Background: Exercise intolerance is the primary chronic symptom in patients with heart failure and preserved ejection fraction (HFPEF), the most common form of heart failure in older persons, and can result from abnormalities in cardiac, vascular, and skeletal muscle, which can be further worsened by physical deconditioning. However, it is unknown whether skeletal muscle abnormalities contribute to exercise intolerance in HFPEF patients.
Methods: This study evaluated lean body mass, peak exercise oxygen consumption (VO2), and the short physical performance battery in 60 older (69 ± 7 years) HFPEF patients and 40 age-matched healthy controls.
Results: In HFPEF versus healthy controls, peak percent total lean mass (60.1 ± 0.8% vs. 66.6 ± 1.0%, p < .0001) and leg lean mass (57.9 ± 0.9% vs. 63.7 ± 1.1%, p = .0001) were significantly reduced. Peak VO2 was severely reduced including when indexed to leg lean mass (79.3 ± 18.5 vs. 104.3 ± 20.4 ml/kg/min, p < .0001). Peak VO2 was correlated with percent total (r = .51) and leg lean mass (.52, both p < .0001). The slope of the relationship of peak VO2 with percent leg lean mass was markedly reduced in HFPEF (11 ± 5 ml/min) versus healthy controls (36 ± 5 ml/min; p < .001). Short physical performance battery was reduced (9.9 ± 1.4 vs. 11.3 ± 0.8) and correlated with peak VO2 and total and leg lean mass (all p < .001).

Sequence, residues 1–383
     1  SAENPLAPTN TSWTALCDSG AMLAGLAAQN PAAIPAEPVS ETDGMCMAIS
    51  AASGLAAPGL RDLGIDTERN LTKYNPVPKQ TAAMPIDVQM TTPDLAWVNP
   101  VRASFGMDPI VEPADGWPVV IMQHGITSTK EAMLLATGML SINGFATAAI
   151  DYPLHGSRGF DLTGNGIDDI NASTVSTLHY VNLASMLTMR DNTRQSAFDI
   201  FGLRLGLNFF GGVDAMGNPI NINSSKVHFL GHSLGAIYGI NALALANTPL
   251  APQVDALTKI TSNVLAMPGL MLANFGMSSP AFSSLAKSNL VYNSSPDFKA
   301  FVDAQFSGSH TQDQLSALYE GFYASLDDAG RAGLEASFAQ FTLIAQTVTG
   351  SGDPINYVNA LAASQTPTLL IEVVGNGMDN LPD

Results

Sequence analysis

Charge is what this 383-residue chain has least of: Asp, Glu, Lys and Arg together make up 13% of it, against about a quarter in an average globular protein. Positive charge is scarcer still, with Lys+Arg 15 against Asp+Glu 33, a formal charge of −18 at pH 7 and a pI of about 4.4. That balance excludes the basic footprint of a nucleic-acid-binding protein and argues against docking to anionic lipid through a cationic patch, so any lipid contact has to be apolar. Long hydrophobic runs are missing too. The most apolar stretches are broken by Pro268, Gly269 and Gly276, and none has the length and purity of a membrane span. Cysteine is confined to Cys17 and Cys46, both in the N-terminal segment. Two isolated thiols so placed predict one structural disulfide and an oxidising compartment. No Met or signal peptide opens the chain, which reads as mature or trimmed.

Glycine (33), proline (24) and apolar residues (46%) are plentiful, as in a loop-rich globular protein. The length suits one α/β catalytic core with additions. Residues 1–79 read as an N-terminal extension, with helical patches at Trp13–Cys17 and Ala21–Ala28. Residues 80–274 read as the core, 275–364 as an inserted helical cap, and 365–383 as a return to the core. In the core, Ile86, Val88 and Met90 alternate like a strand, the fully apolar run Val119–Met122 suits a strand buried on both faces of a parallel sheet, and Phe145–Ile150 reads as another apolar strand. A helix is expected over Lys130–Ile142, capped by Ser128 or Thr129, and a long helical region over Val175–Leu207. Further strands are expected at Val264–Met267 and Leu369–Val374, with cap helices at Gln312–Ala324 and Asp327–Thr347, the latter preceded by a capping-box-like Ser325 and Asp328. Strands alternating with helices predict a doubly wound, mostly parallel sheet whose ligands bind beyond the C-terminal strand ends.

Conclusion: Older HFPEF patients have significantly reduced percent total and leg lean mass and physical functional performance compared with healthy controls. The markedly decreased peak VO2 indexed to lean body mass in HFPEF versus healthy controls suggests that abnormalities in skeletal muscle perfusion and/or metabolism contribute to the severe exercise intolerance in older HFPEF patients.
Keywords: Cardiovascular; Exercise; Functional performance; Muscle; Physical function; Sarcopenia.